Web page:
Voting underway across the country as Americans choose between Romney, Obama

The Takeaway

People vote at the Harrison Arts Center during the U.S. presidential election in Indianapolis, Nov. 6, 2012. (Photo by Aaron Bernstein/Reuters.)

It's Election Day in America. 

Polls from Maine to Hawaii are open today for voters to cast ballots in the presidential election, 435 U.S. House races and 33 U.S. Senate races, as well as countless state house, state senate and other local elections.

Already, hundreds of thousands of ballots have been cast through advance voting, available in dozens of states. From Georgia to Kansas to Minnesota, voters were reporting waits of up to a half hour to vote early this morning, but voters seemed to be taking it in stride.

Vice President Joe Biden cast his ballot this morning in Delaware, while President Barack Obama voted in advance days ago. Republican Presidential Candidate Mitt Romney voted in Massachusetts while his running mate, Paul Ryan, was expected to do Tuesday morning in Wisconsin.

Find out where to vote and the issues up for election in your area.

The race between Obama and Romney is expected to be the most expensive presidential election ever, costing some $3 billion. President Obama's campaign had spent $931,471,420 on the 2012 election, while Mitt Romney's campaign had spent $1,022,753,733. The candidates' spending, in conjunction with the nearly $1 billion spent by super PACs, all add up to a historical level of expenditures on a single race.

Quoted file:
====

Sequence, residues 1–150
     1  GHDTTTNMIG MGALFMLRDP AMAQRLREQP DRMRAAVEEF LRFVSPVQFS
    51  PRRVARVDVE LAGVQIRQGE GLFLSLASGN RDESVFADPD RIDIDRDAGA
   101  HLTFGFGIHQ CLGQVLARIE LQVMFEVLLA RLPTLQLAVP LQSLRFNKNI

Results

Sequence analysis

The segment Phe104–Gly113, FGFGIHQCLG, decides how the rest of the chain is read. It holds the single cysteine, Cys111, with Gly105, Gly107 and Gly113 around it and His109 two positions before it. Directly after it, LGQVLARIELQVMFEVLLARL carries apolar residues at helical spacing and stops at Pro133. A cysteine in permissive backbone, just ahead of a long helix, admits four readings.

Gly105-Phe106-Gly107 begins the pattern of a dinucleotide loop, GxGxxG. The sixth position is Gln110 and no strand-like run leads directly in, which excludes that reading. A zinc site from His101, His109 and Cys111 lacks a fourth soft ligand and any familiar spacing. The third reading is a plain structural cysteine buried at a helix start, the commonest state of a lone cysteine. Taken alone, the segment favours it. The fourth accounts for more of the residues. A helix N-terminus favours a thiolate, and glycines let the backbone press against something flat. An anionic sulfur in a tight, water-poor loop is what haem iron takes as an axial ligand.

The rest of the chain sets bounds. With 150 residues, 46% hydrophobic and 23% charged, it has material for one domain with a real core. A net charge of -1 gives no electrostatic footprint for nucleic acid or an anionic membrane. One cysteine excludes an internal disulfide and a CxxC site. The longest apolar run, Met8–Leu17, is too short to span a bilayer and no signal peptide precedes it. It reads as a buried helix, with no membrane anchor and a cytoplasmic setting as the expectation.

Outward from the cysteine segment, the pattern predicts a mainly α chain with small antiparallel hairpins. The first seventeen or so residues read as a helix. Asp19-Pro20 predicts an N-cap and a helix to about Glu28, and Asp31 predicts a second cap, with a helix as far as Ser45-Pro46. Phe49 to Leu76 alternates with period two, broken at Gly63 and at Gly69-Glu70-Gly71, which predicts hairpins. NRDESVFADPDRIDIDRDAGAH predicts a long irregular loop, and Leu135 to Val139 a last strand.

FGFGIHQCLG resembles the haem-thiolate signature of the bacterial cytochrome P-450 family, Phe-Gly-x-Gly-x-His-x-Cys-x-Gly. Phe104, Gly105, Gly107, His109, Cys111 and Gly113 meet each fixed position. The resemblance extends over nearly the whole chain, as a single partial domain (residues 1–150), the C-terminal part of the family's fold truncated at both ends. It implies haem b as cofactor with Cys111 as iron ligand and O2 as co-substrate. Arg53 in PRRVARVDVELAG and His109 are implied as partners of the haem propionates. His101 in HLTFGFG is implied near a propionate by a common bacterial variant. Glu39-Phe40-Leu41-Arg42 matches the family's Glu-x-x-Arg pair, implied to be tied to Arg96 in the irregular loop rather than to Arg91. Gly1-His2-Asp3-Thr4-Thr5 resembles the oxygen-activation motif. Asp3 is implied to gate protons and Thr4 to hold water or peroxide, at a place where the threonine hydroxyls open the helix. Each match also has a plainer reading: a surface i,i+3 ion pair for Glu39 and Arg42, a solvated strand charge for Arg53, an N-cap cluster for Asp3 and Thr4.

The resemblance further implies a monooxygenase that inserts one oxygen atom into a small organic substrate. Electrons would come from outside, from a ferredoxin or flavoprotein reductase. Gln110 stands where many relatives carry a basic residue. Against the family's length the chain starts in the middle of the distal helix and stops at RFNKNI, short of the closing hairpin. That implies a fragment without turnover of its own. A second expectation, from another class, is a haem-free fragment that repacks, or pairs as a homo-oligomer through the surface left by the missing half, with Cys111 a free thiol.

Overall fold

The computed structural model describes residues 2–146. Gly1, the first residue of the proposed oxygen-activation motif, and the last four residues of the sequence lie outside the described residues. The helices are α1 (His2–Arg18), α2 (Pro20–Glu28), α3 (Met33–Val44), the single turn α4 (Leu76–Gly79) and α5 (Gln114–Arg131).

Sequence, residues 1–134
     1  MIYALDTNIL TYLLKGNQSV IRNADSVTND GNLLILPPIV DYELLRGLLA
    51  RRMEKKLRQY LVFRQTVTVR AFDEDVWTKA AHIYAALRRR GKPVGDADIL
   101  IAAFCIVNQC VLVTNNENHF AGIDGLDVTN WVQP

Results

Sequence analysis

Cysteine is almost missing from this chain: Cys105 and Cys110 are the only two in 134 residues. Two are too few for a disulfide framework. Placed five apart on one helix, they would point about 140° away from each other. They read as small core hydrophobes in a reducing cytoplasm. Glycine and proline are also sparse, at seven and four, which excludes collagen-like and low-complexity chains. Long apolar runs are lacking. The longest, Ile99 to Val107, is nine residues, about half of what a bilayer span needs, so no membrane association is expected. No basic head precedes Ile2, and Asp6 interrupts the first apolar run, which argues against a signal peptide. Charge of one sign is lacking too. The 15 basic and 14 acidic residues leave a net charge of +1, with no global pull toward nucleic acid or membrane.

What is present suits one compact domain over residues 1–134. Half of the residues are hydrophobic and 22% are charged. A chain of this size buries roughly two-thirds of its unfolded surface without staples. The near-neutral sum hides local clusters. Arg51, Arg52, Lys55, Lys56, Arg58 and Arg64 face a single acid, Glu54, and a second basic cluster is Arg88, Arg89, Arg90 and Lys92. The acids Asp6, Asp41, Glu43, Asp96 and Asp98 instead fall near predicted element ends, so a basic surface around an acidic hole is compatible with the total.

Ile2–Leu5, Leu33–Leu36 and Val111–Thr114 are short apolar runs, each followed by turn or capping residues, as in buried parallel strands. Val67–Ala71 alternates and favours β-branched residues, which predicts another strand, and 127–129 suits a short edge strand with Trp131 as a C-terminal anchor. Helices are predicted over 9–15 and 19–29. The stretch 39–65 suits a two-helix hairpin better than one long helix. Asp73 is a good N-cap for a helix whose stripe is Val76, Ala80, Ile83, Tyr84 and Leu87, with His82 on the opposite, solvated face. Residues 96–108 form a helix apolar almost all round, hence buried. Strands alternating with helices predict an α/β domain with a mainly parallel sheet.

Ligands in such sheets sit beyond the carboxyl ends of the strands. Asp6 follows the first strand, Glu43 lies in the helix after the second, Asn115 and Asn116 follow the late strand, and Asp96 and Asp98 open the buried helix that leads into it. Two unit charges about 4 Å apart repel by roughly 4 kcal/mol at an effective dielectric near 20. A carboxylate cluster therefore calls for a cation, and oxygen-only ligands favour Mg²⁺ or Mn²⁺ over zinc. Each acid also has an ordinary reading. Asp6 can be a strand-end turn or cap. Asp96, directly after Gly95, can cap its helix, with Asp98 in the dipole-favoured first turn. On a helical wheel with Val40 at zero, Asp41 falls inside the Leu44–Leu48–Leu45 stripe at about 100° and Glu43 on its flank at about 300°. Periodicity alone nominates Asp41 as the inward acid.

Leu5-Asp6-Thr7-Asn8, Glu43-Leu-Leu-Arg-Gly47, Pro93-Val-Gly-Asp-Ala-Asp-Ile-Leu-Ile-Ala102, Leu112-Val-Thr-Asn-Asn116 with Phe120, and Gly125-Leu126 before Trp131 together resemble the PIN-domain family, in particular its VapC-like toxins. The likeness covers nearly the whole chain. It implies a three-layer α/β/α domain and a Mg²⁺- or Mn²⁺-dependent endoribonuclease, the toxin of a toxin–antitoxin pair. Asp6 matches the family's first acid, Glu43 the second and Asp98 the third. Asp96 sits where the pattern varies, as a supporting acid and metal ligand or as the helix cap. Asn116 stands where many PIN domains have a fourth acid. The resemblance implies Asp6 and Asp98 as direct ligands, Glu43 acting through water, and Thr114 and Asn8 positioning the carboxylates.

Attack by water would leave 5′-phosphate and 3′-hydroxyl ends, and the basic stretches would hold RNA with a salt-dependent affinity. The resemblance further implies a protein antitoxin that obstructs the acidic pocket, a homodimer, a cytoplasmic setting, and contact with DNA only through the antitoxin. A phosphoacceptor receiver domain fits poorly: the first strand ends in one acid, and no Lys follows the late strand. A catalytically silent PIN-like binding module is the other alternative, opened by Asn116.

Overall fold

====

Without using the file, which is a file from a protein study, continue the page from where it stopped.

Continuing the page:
In 2000, Vice President Al Gore's entire presidential campaign cost $120 million, while Republican nominee George W. Bush spent approximately $185 million. This year, Mitt Romney raised $111 million in just the first two weeks of October, while President Obama raked in $90.5 million in that time.

In New York and New Jersey, voters were able to take advantage of a number of modifications to normal voting in order to accomodate people displaced by the Superstorm Sandy. In New Jersey, people were allowed to request mail-in ballots by email and fax, and submit them electronically as well. In New York, displaced voters were allowed to go to any polling place in the state to cast their ballots.

The first poll closings come at 7 p.m. ET with Georgia, Indiana, Kentucky, South Carolina, Vermont and Virginia all closing. In that bunch, Virginia is the state that seems to be really up for grabs. If Obama were to take Virginia, Romney's paths to victory would narrow dramatically. By 7:30 p.m. ET, North Carolina, Ohio

and West Virginia close. If Obama were to win both those states, Romney would have to pick up every other so-called swing state to claim victory.

On the flip side, if Romney won both of those states, he'd be in a commanding position, but Obama would still have multiple paths to victory.

The final polls, in Alaska, close at 1 a.m. ET. It remains to be seen if the election will be determined at that time, or whether we'll still be waiting until Wednesday — or perhaps even Friday.